One challenge I had when listening to “Scum” was identifying stand out tracks. It is a challenge when songs are over just as you are getting into them. Although, there are tracks like “Born On Your Knees” which has a cool intro as well an instrumental portion to mosh along to. Another song which I think stands out is “Polluted Minds.” While only a minute long, it packs a very powerful punch. “Prison Without Walls” is another memorable one, not that any of these songs aren’t. However, what you do get here is twenty-eight tracks to have a great mosh to.

Tracks Listing:

  1. Multinational Corporations
  2. Instinct for Survival
  3. The Kill
  4. Scum
  5. Caught…in a Dream
  6. Polluted Minds
  7. Sacrificed
  8. Siege of Power
  9. Control
  10. Born On Your Knees
  11. Human Garbage
  12. You Suffer
  13. Life?
  14. Prison Without Walls
  15. Point of No Return
  16. Negative Approach
  17. Success
  18. Deceiver
  19. C.S.
  20. Parasites
  21. Pseudo Youth
  22. Devine Death
  23. As the Machine Rolls On
  24. Common Enemy
  25. Moral Crusade
  26. Stigmatized
  27. M.A.D.
  28. Dragnet
Napalm Death

Tracks 1-12

Nik Napalm- vocals, bass

Justin Broaderick- guitar, vocals

Mick Harris- drums

Tracks 13-28

Lee Dorrian- vocals

Jim Whitely- bass

Bill Steer- guitar

Mick Harris- drums, vocals

History has determined that “Scum” marked the official initiation of the sub-genre now known as grindcore and Napalm Death have been attributed as its pioneers. I won’t debate that fact but all I know is that I have come to love having my ears cleaned out by the album.

Next post: Testament- Live at Eindhoven

To buy Rock and Roll Children, email me at: tobychainsaw@hotmail.com

To have Bruce Dickinson receive a knighthood, click the link: https://www.change.org/p/special-honours-committees-for-knighthoods-a-knighthood-for-bruce-dickinson

Great Metal Albums of 1987: Tigertailz- Young and Crazy

Posted in 1980s, Heavy Metal, Heavy Metal and the 1980s, Music, Rock, Uncategorized with tags , , , , , , , , , , , , on February 20, 2022 by 80smetalman

Making their way around the British metal scene in 1987 was Welsh glam metal band Tigertailz. While I never got the chance to see them live, I do know they played great London rock clubs such as The Marquee and the Royal Standard. Looking at this album cover, your initial reaction is probably similar to mine back then, they could rival Poison in the ‘rock dudes who look like chicks’ sweepstakes.

The funny thing is that their debut album, “Young and Crazy,” is similar to the Poison sound. I do hear the similarities between the two bands. However, I also note a KISS influence in some of their songs, the opener, “Star Crazy” and “Shameless.” Paul or Gene would both be comfortable singing either of those songs.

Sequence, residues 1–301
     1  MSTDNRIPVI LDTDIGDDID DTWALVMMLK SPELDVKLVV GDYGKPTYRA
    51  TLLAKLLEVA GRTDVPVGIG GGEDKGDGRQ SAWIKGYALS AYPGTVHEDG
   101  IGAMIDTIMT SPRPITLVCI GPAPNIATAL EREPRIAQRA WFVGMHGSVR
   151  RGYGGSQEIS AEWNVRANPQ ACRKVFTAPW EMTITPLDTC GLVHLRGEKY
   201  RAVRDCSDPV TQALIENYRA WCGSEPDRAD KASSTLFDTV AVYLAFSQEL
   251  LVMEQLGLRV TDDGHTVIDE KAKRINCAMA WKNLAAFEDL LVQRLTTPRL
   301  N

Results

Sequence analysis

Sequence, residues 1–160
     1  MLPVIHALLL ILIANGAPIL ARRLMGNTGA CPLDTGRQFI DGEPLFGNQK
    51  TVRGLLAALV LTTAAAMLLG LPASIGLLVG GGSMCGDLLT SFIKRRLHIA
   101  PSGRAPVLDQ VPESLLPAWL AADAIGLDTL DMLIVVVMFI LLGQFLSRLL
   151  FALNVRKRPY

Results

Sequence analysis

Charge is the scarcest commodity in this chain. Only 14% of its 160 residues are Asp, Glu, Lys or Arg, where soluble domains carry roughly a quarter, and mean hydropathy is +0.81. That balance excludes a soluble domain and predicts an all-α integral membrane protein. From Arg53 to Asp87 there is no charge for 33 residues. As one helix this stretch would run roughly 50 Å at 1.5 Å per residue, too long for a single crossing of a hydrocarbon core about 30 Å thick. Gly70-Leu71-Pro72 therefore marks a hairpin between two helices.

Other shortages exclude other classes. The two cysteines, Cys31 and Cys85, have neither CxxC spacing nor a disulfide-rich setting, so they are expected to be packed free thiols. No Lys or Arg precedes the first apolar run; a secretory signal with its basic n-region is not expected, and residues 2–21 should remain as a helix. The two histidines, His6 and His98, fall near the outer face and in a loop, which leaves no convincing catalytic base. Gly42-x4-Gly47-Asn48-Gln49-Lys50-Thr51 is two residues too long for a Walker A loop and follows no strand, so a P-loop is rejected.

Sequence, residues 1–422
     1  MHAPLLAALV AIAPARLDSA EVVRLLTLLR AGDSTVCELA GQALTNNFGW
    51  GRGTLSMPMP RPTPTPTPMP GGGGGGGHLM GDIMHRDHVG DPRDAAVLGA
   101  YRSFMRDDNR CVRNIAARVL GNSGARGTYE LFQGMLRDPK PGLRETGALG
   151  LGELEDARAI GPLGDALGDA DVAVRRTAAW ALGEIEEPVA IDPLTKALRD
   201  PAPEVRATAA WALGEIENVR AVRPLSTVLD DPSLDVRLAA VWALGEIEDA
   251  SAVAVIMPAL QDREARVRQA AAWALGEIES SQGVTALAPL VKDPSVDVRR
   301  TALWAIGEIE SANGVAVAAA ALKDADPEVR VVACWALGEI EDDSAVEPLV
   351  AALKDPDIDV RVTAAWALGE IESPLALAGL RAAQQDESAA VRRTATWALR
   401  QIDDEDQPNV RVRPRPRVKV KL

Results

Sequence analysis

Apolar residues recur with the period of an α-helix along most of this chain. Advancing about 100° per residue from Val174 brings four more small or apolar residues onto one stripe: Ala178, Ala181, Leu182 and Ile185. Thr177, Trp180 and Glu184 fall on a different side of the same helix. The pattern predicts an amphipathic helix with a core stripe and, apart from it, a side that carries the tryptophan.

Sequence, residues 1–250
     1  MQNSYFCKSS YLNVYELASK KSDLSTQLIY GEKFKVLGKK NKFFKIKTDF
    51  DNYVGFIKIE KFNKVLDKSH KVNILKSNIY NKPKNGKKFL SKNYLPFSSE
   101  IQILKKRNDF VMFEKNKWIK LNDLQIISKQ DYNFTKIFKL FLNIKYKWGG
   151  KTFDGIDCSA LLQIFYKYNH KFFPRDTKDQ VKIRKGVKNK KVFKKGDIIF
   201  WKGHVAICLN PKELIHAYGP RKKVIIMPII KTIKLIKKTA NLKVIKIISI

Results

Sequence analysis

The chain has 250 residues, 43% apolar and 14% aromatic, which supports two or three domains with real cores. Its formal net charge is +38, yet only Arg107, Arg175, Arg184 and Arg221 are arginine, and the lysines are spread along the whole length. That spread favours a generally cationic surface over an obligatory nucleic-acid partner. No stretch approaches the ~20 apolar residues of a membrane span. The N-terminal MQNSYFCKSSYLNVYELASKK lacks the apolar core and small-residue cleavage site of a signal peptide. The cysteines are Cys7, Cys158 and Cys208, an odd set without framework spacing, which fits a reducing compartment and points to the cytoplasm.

There is no doubt in my mind that Tigertailz were a competent band and there are some really good songs on it. The standout song for me is definitely “Livin’ Without You.” Crunching guitars and a pumping bass dominate the song but without losing any of the catchy melody. It is probably Steevi Jaimz best vocal effort and the crunching rhythm in the middle stamps its authority. Additional, there is a great drumroll from Ace Finchum and Jay Pepper lays down his best guitar solo. Definitely, my choice for best song.

The other thing is that because they look and sound similar to Poison, I want to compare and contrast them with Poison. What would be cool if Brett Michaels came and sang for Tigertailz as he is better than Steevi Jaimz while Jay Pepper is a better guitarist than CC DeVille. Just my opinion and of course, you are all free to offer yours. The teacher in me always welcomes debate.

Oh, another thing about the track, “Shameless,” is that while KISS influenced, in the middle of the song, Steevi does a David Lee Roth style spoken part. Is it as good as Dave? Well, not many singers can talk their way through songs like DLR but I will give Steevi and ‘A’ for effort. Where Tigertailz go original is the track, “City Kidz.” There is a blues like swagger to this song and a real cool rhythm guitar riff before a cool guitar solo. Okay, it gets the number two spot in the best song on the album category.

“Shoot to Kill” isn’t a bad track but it’s more filler with all the cliche heavy metal elements to it. On the other hand, “Turn Me On” is definitely the song for the rhythm section. It begins with Jaimz saying, “Come on Ace” and Ace responds with a cool drum fill. His drums take command but there is a good bass solo from Pepsi Tate in the middle. Less fortunately, it’s sandwiched between the two filler tracks. The former already mentioned track and “She’z Too Hot” has the same heavy metal cliches. Still, it’s not that bad. The title track is a more lively penultimate track where Jay is once again let off the leash on the six string. However, the album ends with a decent power ballad in the form of “Fall in Love Again.” At first it seems out of place but that thought is quickly erased and guitar and bass make it okay.

Track Listing:

  1. Star Attraction
  2. Hollywood Killer
  3. Ballerina (Instrumental)
  4. Livin’ Without You
  5. Shameless
  6. City Kidz
  7. Shoot to Kill
  8. Turn Me On
  9. She’z Too Hot
  10. Young and Crazy
  11. Fall in Love Again
Tigertailz

Steevi Jaimz- vocals

Jay Pepper- guitar

Pepsi Tate- bass

Ace Finchum- drums

In respect to what I said about the Brett vs Steevi aspect. Steevi isn’t a bad singer but he wasn’t that good. It’s probably why Tigertailz got a new singer after this album. There is even a re-recorded version of my favourite track sung by the new singer. Anyway, this is a good effort from a band looking to make it. If the production had been better, then I think it would have been phenomenal.

Next post: Anvil- Strength of Steel

To buy Rock and Roll Children, email me at: tobychainsaw@hotmail.com

To sign the petition for a knighthood for Bruce Dickinson, click the link: https://www.change.org/p/special-honours-committees-for-knighthoods-a-knighthood-for-bruce-dickinson

Great Metal Albums of 1987: Whitesnake- 1987

Posted in Heavy Metal, Heavy Metal and the 1980s, Music, Rock, Uncategorized with tags , , , , , , , , , , , on February 18, 2022 by 80smetalman